What does the future look like for Christmas cards?

What does the future look like for Christmas cards?

Some 62% of us still buy and send Christmas cards of all kinds. They spark Christmas spirit, let people know we care, and help support worthy causes. But will they matter as much tomorrow as they do today?

Brits bought almost 100m single Christmas cards in 2017

Plus 900m boxed cards worth around £230m. That’s according to reports from the Greetings Card Association (GCA). It also found that each of us sends an average of 11 Christmas cards a year. In our digital world, there are plenty of alternatives to traditional cards. Like e-cards, emails, Facebook stickers and charity donations. But we still love to send a little festive cheer in the post.

More than just a card

Cards are as much a part of Christmas decorations as trees, fairy lights and holly wreaths on the front door. Opening and displaying Christmas cards in your home sparks all sorts of emotions, like pride and joy. Card sending and display is a big part of our culture, and not just at Christmas. Putting pen to paper – and taking the time to post a card lets people know you’re still there and thinking of them. A card is tangible proof of warm sentiments, especially if you won’t see the recipient at Christmas.

A chance to give to charity – to the tune of £50m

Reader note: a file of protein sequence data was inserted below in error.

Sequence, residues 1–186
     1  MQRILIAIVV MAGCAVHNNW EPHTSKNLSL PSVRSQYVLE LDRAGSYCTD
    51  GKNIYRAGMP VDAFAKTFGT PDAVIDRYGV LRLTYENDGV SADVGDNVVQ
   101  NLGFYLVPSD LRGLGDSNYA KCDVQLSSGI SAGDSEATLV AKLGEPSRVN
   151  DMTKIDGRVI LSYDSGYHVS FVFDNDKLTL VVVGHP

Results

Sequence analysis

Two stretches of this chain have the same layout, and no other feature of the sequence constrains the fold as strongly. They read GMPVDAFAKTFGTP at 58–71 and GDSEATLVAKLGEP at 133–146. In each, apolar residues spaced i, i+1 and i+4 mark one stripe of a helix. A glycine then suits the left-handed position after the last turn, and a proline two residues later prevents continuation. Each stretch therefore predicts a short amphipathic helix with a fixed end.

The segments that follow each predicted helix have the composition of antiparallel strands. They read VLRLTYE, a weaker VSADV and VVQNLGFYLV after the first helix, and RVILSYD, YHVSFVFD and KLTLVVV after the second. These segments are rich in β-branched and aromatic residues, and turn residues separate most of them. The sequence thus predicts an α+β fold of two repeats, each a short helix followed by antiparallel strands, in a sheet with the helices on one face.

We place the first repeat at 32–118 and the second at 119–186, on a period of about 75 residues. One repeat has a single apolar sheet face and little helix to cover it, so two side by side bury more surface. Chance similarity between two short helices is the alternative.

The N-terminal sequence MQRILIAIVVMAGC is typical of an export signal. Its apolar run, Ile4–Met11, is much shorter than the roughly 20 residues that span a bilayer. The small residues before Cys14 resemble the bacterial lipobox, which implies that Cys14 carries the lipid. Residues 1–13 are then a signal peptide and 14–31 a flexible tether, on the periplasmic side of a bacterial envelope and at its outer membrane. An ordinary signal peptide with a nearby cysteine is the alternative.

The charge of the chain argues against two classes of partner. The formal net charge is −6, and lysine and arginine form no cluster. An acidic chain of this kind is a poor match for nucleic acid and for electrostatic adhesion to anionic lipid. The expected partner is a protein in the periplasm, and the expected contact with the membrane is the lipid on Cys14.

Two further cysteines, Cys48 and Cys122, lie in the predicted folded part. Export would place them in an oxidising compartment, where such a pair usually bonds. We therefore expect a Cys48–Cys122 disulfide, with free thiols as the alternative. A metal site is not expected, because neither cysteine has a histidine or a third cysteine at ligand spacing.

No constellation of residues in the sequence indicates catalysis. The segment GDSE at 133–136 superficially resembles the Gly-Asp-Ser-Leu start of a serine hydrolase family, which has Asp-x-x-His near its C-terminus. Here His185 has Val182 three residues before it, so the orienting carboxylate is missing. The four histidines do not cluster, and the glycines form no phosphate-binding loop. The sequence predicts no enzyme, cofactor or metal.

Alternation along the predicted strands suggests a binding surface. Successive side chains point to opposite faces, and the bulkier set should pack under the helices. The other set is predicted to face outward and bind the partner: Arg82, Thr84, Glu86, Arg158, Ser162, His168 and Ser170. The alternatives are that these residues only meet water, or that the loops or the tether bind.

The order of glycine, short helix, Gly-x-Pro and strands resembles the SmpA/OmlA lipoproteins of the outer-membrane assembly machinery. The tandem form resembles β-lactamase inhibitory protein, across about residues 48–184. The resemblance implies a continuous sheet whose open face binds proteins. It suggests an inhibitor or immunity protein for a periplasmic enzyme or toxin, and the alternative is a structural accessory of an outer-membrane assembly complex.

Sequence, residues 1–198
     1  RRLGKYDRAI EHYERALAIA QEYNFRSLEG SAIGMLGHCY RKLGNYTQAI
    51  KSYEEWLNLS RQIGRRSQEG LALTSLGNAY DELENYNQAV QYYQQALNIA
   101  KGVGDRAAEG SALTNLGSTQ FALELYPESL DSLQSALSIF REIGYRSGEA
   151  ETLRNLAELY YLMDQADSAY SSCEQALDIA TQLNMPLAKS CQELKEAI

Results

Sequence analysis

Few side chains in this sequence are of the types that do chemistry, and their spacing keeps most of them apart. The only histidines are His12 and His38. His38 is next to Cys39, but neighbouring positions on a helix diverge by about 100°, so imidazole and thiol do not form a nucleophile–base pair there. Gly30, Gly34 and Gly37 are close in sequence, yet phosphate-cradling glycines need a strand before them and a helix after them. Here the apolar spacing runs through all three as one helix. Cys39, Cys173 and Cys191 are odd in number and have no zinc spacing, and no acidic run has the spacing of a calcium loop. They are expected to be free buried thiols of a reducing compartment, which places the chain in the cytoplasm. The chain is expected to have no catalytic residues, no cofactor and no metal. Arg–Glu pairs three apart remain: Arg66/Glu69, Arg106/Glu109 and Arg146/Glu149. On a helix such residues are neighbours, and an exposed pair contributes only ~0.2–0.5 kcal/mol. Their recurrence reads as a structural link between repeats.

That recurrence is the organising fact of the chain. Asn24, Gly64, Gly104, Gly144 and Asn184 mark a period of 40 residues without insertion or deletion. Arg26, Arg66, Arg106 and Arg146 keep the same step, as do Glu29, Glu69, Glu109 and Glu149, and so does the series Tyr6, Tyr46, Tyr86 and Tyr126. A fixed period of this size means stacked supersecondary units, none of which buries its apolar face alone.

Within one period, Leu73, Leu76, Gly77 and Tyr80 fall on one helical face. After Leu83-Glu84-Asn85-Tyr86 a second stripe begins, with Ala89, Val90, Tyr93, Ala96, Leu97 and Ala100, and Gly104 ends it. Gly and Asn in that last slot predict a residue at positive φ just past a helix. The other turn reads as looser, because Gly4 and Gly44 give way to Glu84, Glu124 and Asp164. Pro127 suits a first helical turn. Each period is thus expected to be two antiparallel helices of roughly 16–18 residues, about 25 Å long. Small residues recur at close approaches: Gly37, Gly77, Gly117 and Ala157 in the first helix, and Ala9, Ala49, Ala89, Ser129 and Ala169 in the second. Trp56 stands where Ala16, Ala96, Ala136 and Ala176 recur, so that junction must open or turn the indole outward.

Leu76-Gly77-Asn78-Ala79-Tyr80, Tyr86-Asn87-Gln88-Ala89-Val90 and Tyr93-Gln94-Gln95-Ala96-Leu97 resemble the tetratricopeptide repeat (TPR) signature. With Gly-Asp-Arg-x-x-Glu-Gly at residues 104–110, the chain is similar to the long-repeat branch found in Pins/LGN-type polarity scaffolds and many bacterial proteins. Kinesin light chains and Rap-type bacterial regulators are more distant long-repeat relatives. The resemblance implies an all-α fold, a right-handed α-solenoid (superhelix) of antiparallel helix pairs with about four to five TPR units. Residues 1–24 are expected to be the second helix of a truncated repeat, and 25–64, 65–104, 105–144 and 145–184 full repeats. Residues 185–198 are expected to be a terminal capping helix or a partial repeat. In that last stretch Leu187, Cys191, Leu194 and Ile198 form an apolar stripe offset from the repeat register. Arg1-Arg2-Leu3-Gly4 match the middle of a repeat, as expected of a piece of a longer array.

The GCA also found that Christmas card sales raise more for charity than any other festive fundraising activity. It’s a quick and simple way to help a charity you care about. Concerned about how much charity card retailers actually donate to their cause? If you want to be sure that at least 60% of the retail price is donated, buy direct from the charity concerned.

Younger customers want quality, not quantity

Older customers are more likely to buy paper Christmas cards than the under-35s. But that’s not to say that younger customers have ditched the tradition in favour of texts featuring a blizzard of emojis. Research giant Mintel discovered that 51% of 25-34 -year-olds who buy Christmas cards think it’s worth spending a bit more on single, high-quality ones.

90% of cards come from sustainably farmed trees

Claims the GCA. That means the environmental impact of sending paper cards is arguably lower than many of us might think. A spokesperson from conservation charity The Woodland Trust told the BBC: “When buying cards, shoppers should only buy those that either say they are 100% recycled or have the Forest Stewardship Council (FSC) symbol printed on the back.” The FSC symbol confirms the paper has been responsibly sourced from wood that comes from well-managed, FSC-certified forests and/or recycled materials.

Will Christmas cards still matter tomorrow?

Our card buying habits might change with the times. We may find ourselves sending more of them at different stages in our lives. But as long as Christmas spirit is alive and kicking, the answer to our burning question is a big yes. Sending Christmas cards to those who matter most is a labour. But it’s a labour of love.